Of brands and brand values
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Last week, Markables released its annual listing of the most expensive brands that changed hands globally during 2015. According to the list, the top three most expensive brand acquisitions of all time are Kraft Foods by Heinz, Newport (tobacco) by Reynolds American and Novartis’s over-the-counter (OTC) brand portfolio by GlaxoSmithKline.
The firm has released a list of 20 such brands that changed hands in 2015 and their value. Markables is a Switzerland-based trademark value database, listing all trademarks that have been acquired, valued, accounted and reported in the financial statements of more than 15,000 listed companies worldwide. The basis for such reporting is, typically, the acquisition of a business combination including a trademark and, in very rare cases, the acquisition of only a trademark.
The list from Markables features brands in categories such as tobacco, food (packaged foods and restaurant chains), e-commerce, OTC drugs, pet food, discount retail and fashion, among others. Ranked No. 6, Family Dollar Stores, for instance, is a leading US discount retailer offering competitively priced merchandise in convenient neighbourhood stores. Ranked No. 5 was DirecTV, a provider of digital television entertainment in the US and Latin America, which was acquired by AT&T. Beijing-based online travel booking firm Qunar.com, acquired by Ctrip.com, also based in China, is ranked at No. 12.
The report highlights some interesting numbers: the average value of the top 20 brands increased to $5.6 billion, up almost two-and-a-half times from $2.1 billion in 2014. The top 20 brands account for 41% of the value of the enterprises to which they belong, up from 34% last year.
According to a media release from Markables, 2015 was a good year for brands as they seem to be back in focus for M&A investors. Kraft Foods with its portfolio of brands (Kraft, Philadelphia, Oscar Mayer and others) reported brand value of $41.3 billion, emerging not only best in class of 2015, but of all time, surpassing the acquisition of Gillette by Procter & Gamble in 2005. The second place in 2015 went to the tobacco company Lorillard’s brands (Newport, Kent, True, Maverick, Old Gold, blu eCigs), acquired by Reynolds American for $27.2 billion. Novartis’s OTC brand portfolio (including Voltaren, Excedrin, Otrivin, Theraflu, among others) acquired by GlaxoSmithKline and valued at $9.2 billion was at No. 3.
According to Christof Binder, managing partner at Trademark Comparables AG that runs Markables, the database was publicly launched in 2014 as there was an urgent need for comparable data for the valuation of brands and trademarks. “The availability and usefulness of existing data (basically royalty rates from trademark licence agreements) is rather weak, and our intention was to create something in addition, or on top of that,” Binder says.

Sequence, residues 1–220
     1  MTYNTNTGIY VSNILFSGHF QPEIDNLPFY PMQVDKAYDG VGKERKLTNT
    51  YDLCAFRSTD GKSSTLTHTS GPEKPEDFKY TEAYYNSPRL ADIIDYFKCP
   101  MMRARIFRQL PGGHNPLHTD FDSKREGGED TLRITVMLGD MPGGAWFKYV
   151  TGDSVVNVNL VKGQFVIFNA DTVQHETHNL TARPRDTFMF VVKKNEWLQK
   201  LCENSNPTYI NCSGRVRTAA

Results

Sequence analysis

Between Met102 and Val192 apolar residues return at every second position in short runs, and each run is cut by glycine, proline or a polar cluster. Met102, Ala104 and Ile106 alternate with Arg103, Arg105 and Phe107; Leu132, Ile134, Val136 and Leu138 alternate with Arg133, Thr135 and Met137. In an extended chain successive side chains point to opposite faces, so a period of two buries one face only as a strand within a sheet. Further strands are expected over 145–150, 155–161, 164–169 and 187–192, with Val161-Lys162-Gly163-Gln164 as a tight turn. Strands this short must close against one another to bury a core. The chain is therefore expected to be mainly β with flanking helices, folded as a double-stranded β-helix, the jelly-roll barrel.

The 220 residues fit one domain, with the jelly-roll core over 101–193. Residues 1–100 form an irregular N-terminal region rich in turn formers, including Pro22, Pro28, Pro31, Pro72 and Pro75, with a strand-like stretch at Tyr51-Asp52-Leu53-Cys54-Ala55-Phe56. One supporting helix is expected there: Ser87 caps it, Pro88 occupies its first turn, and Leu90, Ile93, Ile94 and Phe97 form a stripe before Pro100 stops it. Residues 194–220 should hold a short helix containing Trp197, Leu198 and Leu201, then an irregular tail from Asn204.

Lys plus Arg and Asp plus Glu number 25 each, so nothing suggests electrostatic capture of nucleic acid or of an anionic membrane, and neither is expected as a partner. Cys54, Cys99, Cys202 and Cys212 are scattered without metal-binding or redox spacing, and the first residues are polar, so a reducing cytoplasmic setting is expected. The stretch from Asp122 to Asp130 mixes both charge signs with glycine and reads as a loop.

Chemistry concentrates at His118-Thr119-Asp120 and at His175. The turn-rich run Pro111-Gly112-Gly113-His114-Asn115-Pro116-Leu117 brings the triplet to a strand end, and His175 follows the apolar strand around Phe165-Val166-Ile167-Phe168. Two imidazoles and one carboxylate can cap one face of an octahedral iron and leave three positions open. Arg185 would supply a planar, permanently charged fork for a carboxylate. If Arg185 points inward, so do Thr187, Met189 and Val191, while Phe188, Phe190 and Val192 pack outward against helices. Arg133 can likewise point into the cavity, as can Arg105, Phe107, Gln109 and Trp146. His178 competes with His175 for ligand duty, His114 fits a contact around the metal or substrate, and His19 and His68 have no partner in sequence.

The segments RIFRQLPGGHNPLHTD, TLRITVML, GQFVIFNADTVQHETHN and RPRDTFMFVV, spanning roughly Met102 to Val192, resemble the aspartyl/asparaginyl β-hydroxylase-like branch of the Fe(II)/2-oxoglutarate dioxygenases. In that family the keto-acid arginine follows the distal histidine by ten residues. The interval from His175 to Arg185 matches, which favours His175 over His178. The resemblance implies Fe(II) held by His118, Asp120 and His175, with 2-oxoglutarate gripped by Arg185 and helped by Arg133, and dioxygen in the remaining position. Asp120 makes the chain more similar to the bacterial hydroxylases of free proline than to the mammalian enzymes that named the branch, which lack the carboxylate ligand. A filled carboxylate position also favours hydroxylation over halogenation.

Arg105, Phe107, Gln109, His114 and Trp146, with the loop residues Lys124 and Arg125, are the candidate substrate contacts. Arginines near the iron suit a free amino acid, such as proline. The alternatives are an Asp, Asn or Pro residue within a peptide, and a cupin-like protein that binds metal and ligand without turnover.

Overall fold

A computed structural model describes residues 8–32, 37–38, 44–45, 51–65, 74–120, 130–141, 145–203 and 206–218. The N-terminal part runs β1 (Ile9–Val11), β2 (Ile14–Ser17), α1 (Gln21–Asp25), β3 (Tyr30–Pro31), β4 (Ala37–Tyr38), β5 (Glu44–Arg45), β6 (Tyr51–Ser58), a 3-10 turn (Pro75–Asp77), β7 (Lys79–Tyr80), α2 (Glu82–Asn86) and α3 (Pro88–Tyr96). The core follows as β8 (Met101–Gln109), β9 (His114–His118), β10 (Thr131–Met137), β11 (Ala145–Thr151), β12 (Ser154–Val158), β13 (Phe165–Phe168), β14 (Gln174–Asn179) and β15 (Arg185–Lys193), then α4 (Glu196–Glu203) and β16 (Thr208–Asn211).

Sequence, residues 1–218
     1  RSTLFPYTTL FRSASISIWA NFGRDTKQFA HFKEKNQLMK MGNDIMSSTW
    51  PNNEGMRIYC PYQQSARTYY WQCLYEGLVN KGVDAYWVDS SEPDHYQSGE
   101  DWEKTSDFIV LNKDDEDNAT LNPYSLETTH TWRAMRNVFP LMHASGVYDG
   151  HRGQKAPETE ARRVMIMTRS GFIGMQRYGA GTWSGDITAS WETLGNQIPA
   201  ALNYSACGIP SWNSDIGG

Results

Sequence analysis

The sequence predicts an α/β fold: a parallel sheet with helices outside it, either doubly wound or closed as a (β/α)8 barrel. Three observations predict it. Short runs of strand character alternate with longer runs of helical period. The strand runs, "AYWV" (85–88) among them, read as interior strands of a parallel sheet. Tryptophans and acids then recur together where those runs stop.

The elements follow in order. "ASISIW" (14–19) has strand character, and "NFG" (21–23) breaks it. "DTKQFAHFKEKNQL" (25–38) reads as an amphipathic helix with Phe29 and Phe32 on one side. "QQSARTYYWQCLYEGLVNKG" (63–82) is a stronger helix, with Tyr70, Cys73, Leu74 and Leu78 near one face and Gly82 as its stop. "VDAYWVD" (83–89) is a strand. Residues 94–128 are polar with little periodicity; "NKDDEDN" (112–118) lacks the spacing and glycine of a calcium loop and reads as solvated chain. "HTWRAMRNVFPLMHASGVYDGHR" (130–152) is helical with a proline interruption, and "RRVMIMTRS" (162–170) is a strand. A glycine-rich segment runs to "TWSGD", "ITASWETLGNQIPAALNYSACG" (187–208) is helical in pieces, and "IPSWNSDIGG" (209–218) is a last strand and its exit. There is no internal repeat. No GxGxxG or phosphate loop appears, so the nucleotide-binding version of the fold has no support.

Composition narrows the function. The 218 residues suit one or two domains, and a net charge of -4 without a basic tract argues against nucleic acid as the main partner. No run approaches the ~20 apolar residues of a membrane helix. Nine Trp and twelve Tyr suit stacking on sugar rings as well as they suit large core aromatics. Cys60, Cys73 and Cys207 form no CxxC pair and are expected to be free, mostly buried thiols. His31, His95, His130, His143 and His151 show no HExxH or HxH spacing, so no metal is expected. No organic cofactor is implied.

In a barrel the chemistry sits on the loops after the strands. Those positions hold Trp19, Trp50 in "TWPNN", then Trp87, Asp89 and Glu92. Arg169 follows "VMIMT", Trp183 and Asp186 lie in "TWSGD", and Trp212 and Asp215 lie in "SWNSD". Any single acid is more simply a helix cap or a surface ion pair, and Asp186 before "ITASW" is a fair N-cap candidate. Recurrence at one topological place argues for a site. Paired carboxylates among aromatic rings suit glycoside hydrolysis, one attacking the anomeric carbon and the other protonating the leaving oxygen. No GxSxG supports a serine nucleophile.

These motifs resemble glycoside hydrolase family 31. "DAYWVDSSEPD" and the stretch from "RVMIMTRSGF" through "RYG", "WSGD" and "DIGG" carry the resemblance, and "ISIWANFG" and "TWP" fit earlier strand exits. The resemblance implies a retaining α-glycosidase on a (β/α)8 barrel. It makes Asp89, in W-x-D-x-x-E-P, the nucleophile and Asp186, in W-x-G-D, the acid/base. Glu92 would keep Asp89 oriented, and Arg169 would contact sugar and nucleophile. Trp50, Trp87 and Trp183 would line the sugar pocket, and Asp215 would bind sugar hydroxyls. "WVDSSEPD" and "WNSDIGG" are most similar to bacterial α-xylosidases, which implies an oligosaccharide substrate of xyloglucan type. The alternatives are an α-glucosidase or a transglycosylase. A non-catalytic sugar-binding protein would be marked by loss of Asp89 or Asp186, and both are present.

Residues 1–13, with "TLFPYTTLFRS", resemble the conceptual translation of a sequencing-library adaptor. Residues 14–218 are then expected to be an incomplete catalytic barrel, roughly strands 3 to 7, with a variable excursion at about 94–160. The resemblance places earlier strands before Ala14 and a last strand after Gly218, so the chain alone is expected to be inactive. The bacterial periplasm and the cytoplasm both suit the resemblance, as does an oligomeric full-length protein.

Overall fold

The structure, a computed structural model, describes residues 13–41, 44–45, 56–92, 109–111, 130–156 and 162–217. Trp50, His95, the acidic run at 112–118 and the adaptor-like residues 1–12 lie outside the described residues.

To be sure, globally several brand value rankings and league tables are published every year, namely Interbrand, Millward Brown and Brand Finance, among others.
However, Markables claims that its top 20 list is different as it is the only listing where brand values are real values paid for brands in a transaction. “The benefit of this particular study is to analyse brand-related investment strategies and brand value appreciation of investors. This is not only insightful to corporate investors and corporate finance professionals, but also for CMOs (chief marketing officers) and brand managers,” Binder says.
The company started promoting its services in India in April. Asked why no Indian brand features on the Markables list, Binder says that India is still a “poor” territory regarding the reporting of acquired intangible assets, including brands and trademarks.
“There are two major reasons: first is the accounting and financial reporting standards. Indian corporations simply did not have to report about their acquired intangible assets, unlike in most other territories. This will certainly change with the adoption of new accounting standards starting 31 March 2017,” he says.
Second is the size of businesses. “The 50 largest Indian corporations have an average market cap of $17.5 billion. The 50 largest British corporations have an average of $45 billion, and the 50 top US firms have an average of $185 billion. The likelihood of affording, financing and digesting an expensive acquisition is very much related to size,” he adds. However, he says that for 2015, the acquisition of Kesh King by Emami will be ranked somewhere around the 50th position in the global listing.
According to Binder, the largest brand value by far reported by an Indian corporation was the acquisition of Jaguar Land Rover by Tata Motors in 2008. The largest brand value acquired within India was the acquisition of United Spirits by Diageo in 2014.
To be sure, after this, the firm is looking forward to working on brands acquired this year. Binder feels that 2016 could be an even better year for brands in M&A, with some landmark acquisitions in the books—SABMiller, Time Warner, LinkedIn, Monsanto, Chubb and Starwood Hotels, to name a few.
Markables will begin work on the 2016 cases once their valuations are finalized, audited and reported in their financial statements. “The reporting season for the year 2016 will start end of February 2017 in the US, and it will take us until approximately October or November 2017 to do all the discovery and research work from the financial statements of over 15,000 listed companies worldwide,” Binder says.
Shuchi Bansal is Mint’s media, marketing and advertising editor. Ordinary Post will look at pressing issues related to all three. Or just fun stuff.